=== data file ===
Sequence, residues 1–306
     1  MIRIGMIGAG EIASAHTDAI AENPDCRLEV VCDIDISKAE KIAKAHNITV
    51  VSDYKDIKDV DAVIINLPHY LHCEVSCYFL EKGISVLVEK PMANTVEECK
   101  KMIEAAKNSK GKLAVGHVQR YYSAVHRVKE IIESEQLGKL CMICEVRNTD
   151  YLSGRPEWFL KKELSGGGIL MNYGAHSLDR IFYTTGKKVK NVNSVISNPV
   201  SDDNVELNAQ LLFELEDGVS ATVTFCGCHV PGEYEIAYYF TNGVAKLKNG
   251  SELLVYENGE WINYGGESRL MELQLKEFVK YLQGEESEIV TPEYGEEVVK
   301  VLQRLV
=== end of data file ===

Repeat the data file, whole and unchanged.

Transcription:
Sequence, residues 1–306
     1  MIRIGMIGAG EIASAHTDAI AENPDCRLEV VCDIDISKAE KIAKAHNITV
    51  VSDYKDIKDV DAVIINLPHY LHCEVSCYFL EKGISVLVEK PMANTVEECK
   101  KMIEAAKNSK GKLAVGHVQR YYSAVHRVKE IIESEQLGKL CMICEVRNTD
   151  YLSGRPEWFL KKELSGGGIL MNYGAHSLDR IFYTTGKKVK NVNSVISNPV
   201  SDDNVELNAQ LLFELEDGVS ATVTFCGCHV PGEYEIAYYF TNGVAKLKNG
   251  SELLVYENGE WINYGGESRL MELQLKEFVK YLQGEESEIV TPEYGEEVVK
   301  VLQRLV